U.S. flag

An official website of the United States government

Skip Header

Nonsampling Error

All surveys, including SIPP, are subject to nonsampling errors from various sources. SIPP contains nonsampling errors common to most surveys, as well as errors that stem from SIPP's longitudinal design. SIPP experiences some differential undercoverage of demographic subgroups. To compensate for this undercoverage, the Census Bureau adjusts SIPP sample weights to population control totals. Little is known, however, about how effective these adjustments are in reducing biases in surveys.

SIPP also experiences sample attrition. This is a common concern in longitudinal surveys because of the need to follow the same people over time. Attrition reduces the available sample size, and to the extent that those leaving the sample are systematically different from those who remain in the sample, survey estimates could be biased.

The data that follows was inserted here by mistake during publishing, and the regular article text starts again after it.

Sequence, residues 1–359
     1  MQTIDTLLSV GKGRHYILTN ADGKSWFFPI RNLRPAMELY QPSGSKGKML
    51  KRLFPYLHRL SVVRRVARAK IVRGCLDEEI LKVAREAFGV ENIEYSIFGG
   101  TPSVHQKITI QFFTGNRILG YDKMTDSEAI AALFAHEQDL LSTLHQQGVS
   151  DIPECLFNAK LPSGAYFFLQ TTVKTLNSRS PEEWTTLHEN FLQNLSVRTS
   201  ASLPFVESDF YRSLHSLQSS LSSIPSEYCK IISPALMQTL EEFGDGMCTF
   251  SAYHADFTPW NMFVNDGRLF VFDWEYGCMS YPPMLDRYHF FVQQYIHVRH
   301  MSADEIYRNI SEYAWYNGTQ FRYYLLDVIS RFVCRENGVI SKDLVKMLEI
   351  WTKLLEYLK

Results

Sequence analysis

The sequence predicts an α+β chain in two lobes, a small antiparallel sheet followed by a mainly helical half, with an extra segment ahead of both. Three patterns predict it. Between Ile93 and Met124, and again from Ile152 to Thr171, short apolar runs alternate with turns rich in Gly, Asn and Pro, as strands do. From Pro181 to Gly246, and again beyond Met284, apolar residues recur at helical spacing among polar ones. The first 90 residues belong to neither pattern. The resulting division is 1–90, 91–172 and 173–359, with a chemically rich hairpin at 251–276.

Response errors also occur in SIPP and take on a number of forms. Recall errors, for example, are thought to be the source of the "seam phenomenon." This effect occurs when a respondent projects current circumstances back onto the survey’s reference period (the prior calendar year for the 2014 Panel and after, and the prior 4 months for 2008 and earlier panels). This causes any changes in respondent circumstances that occurred during the reference period to appear to have happened at the beginning of the reference period. The effect is a disproportionate number of changes that appear to occur between the last month of one wave and the first month of the following wave – the "seam" between their two interview waves.